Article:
Just when you thought your brain could unwind on a Friday, you realise that it would rather be challenged with some good old fashioned medical trivia…introducing Funtabulously Frivolous Friday Five 114
What is the smirnoff reflex?
- Sterno-brachial reflex
- No it’s not a cocktail trick, it is a blow to the sternum with a reflex hammer which results in adduction of the arm.
- The reflex is a partial manifestation of Chodzko’s reflex, a multi-reflex phenomenon where a blow to the sternum with a reflex hammer results in contraction of various muscles of the arm either bilateral or unilateral. This is assumed to be a sign of hyper irritability. [Reference]
What did Captain Cook use to treat Scurvy
- Sauerkraut, malt vinegar and boiled fruit concentrate
- Cook never carried fresh limes or lemons.
- The sauerkraut and a concentrated fruit mixture was boiled and therefore lost most of its vitamin C.
- It was 20 years after Cook’s death that the British sailors had lemon juice as standard supply [Reference]
How fast do you have to walk to avoid the grim reaper
- More than 5km/hr
- The Grim Reapers preferred walking speed is 0.82m/s (3km/hr) and his maximum speed is likely just below 1.36 m/s (5km/hr).
- This was established in a Sydney research project of ageing men.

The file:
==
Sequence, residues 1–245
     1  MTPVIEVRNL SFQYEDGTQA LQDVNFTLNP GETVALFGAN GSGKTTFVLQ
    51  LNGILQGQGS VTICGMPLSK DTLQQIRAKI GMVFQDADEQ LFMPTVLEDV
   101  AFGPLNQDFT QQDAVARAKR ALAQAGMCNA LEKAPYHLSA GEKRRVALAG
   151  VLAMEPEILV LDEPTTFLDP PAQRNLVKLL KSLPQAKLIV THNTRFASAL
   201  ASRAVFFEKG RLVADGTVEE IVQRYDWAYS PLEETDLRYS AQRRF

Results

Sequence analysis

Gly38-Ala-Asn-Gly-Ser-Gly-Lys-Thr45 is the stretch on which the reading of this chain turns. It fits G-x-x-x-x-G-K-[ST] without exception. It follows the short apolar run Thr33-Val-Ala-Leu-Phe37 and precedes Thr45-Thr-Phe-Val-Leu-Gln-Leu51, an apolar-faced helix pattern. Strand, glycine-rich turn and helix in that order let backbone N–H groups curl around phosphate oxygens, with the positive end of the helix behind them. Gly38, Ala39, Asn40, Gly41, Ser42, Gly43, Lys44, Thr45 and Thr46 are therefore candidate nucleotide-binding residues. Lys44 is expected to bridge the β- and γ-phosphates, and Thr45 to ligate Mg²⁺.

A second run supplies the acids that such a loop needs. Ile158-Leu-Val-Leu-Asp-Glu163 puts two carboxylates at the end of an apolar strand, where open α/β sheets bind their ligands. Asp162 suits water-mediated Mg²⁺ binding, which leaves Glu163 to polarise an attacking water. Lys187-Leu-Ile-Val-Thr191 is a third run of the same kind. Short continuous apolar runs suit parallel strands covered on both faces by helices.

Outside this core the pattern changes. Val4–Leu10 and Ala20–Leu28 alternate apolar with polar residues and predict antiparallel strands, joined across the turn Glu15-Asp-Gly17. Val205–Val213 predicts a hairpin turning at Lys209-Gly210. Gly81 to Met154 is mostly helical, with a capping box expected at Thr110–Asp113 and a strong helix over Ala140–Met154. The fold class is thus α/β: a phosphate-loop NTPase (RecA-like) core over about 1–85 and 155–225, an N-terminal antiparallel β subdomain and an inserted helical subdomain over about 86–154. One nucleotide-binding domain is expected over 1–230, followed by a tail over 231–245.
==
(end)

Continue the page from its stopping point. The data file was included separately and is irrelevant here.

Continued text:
- 1705 men aged 70 and over were followed for nearly 60 months. They observed that older men who walked faster were able to avoid death… [Reference]
What is connection between Sir Thomas Lauder Brunton and ‘Poppers?’
- Amyl Nitrate
- Lauder Brunton examined the use of amyl nitrate in the treatment of angina pectoris along with many other agents published in his 1875 thesis the “Experimental investigation of the action of medicines“.
- Poppers is a slang term given to alkyl nitrites which may be inhaled for recreational purposes, especially in preparation for sex. The most common agent used is amyl nitrate.
Why is Boyle’s law relevant to the aeromedical retrieval physician.
- Boyles Law describes the relationship between pressure and volume in a closed system if the temperature is kept constant.
- Why is this important?
- Because a tiny pneumothorax can be converted to a massive tension pneumothorax at cabin altitude because the cabin pressure decreases and the volume of the pneumothorax increases as the aircraft climbs to cruise altitude.
- Aircraft pressurisation offsets this to some degree, but the average commercial jet flying at 30,000 feet still has a cabin pressure equivalent to 6,000-8,000 feet above seal level. [Reference]
…and in other news
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